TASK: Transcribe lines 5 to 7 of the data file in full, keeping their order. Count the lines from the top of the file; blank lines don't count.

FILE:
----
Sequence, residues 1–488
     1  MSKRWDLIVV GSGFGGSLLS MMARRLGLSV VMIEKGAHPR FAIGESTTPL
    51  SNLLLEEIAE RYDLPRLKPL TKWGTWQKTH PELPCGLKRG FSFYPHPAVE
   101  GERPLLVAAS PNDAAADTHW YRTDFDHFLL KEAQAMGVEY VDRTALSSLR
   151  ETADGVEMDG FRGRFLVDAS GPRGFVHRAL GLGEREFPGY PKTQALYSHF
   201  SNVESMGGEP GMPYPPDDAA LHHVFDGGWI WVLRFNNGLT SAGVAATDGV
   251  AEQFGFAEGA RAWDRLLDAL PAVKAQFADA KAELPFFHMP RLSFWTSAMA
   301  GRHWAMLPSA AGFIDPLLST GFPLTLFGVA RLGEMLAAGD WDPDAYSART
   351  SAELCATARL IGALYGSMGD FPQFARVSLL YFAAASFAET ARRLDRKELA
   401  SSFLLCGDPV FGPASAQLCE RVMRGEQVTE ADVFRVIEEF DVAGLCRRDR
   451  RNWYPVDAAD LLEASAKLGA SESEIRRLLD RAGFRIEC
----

   151  ETADGVEMDG FRGRFLVDAS GPRGFVHRAL GLGEREFPGY PKTQALYSHF
   201  SNVESMGGEP GMPYPPDDAA LHHVFDGGWI WVLRFNNGLT SAGVAATDGV
   251  AEQFGFAEGA RAWDRLLDAL PAVKAQFADA KAELPFFHMP RLSFWTSAMA